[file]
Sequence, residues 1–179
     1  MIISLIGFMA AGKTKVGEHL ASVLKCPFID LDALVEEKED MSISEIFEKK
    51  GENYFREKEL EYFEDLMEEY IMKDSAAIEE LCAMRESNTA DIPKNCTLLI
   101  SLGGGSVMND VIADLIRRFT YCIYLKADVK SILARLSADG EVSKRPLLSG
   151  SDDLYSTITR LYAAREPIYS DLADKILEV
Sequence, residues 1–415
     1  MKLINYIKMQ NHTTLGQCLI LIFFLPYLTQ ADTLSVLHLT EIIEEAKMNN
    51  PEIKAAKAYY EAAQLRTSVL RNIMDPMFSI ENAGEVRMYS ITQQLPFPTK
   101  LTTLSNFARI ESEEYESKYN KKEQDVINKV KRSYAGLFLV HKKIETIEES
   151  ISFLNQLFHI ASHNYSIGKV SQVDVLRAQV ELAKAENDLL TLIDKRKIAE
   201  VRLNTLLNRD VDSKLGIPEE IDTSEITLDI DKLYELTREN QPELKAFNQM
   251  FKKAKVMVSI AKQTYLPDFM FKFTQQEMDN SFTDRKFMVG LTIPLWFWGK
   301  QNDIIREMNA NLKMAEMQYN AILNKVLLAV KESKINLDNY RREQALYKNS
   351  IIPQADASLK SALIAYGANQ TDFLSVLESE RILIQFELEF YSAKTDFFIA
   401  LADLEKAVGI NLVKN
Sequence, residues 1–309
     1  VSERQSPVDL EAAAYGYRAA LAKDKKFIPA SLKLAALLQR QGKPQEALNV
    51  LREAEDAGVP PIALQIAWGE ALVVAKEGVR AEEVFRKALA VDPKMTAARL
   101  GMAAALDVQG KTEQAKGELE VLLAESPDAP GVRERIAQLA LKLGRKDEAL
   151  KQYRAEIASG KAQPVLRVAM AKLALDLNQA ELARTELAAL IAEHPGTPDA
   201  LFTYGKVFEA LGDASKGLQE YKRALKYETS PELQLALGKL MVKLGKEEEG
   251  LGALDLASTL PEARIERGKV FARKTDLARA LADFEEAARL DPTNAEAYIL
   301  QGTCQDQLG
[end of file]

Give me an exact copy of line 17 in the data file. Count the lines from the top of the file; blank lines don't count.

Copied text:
     1  VSERQSPVDL EAAAYGYRAA LAKDKKFIPA SLKLAALLQR QGKPQEALNV